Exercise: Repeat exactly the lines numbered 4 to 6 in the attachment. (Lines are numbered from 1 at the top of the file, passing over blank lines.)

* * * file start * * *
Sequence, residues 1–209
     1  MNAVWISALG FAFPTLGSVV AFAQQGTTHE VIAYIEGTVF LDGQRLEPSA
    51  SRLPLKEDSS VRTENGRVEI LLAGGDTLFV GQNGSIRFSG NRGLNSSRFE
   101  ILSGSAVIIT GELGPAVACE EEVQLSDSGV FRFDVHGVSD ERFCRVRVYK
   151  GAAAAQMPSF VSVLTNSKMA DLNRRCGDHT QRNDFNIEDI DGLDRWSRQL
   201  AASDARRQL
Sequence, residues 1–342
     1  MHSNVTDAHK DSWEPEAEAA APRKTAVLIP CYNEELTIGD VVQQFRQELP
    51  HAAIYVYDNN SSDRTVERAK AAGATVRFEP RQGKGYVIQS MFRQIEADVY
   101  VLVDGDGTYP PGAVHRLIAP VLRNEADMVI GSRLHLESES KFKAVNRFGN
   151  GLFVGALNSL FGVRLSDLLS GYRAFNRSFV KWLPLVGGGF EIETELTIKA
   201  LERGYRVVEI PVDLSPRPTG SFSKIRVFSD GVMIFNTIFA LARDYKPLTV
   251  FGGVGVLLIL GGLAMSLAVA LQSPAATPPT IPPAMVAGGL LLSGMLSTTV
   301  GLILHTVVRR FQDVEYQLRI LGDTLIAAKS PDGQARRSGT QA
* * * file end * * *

   101  ILSGSAVIIT GELGPAVACE EEVQLSDSGV FRFDVHGVSD ERFCRVRVYK
   151  GAAAAQMPSF VSVLTNSKMA DLNRRCGDHT QRNDFNIEDI DGLDRWSRQL
   201  AASDARRQL